Prevalence of Diarrhoea Among Children

Global Cluster indicator, Outcome indicator

Indicator Phrasing

% of children aged 8 - 23/ 59 months which in the past two weeks had at least 3 loose or liquid stools per day
% d'enfants âgés de 8-23/59 mois qui au cours des deux dernières semaines ont eu 3 ou plus de selles molles par jour
% dětí ve věku 8-23/ 59 měsíců, které v uplynulých 2 týdnech měly během jednoho dne alespoň 3 řídké stolice

Indicator Phrasing

English: % of children aged 8 - 23/ 59 months which in the past two weeks had at least 3 loose or liquid stools per day

French: % d'enfants âgés de 8-23/59 mois qui au cours des deux dernières semaines ont eu 3 ou plus de selles molles par jour

Czech: % dětí ve věku 8-23/ 59 měsíců, které v uplynulých 2 týdnech měly během jednoho dne alespoň 3 řídké stolice

What is its purpose?

The indicator assesses the percentage of children who suffered from diarrhoea in the past two weeks (one of the leading causes of child death). Diarrhoea is defined as having 3 or more loose or liquid stools in one day.

How to Collect and Analyse the Required Data

Collect the following data by conducting individual interviews with mothers of (a representative sample of) children aged 8-23.99/ 59.99 months:

   

RECOMMENDED SURVEY QUESTIONS (Q) AND POSSIBLE ANSWERS (A)

Q1: In the past two weeks, did [name of the child] have loose or liquid stool?

A1: yes / no / I don't remember / not applicable

  

(ask the next question only if the previous answer is YES)

  

Q2: During this time, did s/he pass 3 or more loose stools in one day?

A2: yes / no / I don't remember

    

Calculate the indicator's value by dividing the number of children aged 8 - 24/ 59 months which in the past two weeks had 3 or more loose stools per day by the total number of surveyed children and multiply the result by 100.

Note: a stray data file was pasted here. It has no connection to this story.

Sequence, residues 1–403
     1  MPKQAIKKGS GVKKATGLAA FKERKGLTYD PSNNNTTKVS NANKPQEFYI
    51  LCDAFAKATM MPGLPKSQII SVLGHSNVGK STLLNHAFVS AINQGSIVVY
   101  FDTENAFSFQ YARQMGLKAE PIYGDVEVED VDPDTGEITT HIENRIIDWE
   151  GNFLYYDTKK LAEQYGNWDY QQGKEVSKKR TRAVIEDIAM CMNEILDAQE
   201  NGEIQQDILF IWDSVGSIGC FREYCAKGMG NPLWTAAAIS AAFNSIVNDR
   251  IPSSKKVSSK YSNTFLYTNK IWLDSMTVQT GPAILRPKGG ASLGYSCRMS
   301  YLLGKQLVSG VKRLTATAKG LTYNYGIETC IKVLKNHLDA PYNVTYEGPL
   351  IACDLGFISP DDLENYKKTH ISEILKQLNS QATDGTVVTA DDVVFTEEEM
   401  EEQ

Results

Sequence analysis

Important Comments

1) This indicator relies on accurate age assessment. Since people often do not remember the exact dates of their children’s birth, the data collectors should never rely only on the information provided by caregivers and always verify the child’s age. This can be done by reviewing the child’s birth certificate or other documents; however, since many caregivers do not have such documents, it is essential that your data collectors are able to determine the child’s age by using local events calendars. Read FAO’s Guidelines (see below) to learn how to prepare local events calendars and how to train data collectors in their correct use.

    

2) The stool of children aged up to 8 months is naturally loose and may not indicate diarrhoea. Therefore, include in your survey children aged 8 - 24/ 59 months only.

  

3) Emphasize to the data collectors the importance of asking about "3 loose stools in one day" - anything less doesn't count.

  

4) A standard recall period of two weeks is commonly used by most agencies. However, a number of pieces of research showed that such a long recall period leads to imprecise data that underestimates diarrhoea prevalence by up to 45% (for example, 12) . If your data does not need to be comparable with other surveys (e.g. is used only for comparing your project's baseline and endline values), consider using a shorter recall period of 7 days (for maximum precision, you can also use a 3 day recall period though this will require increasing the sample size by approx. 70%). Always ensure that both baseline and endline surveys use the same recall period.

  

5) The prevalence of diarrhoea is often prone to seasonal differences. Do your best to collect baseline and endline data in the same period, otherwise it is very likely that they will not be comparable (i.e. saying little about the benefits of your project).

 

6) Disaggregate the data by sex and age groups.

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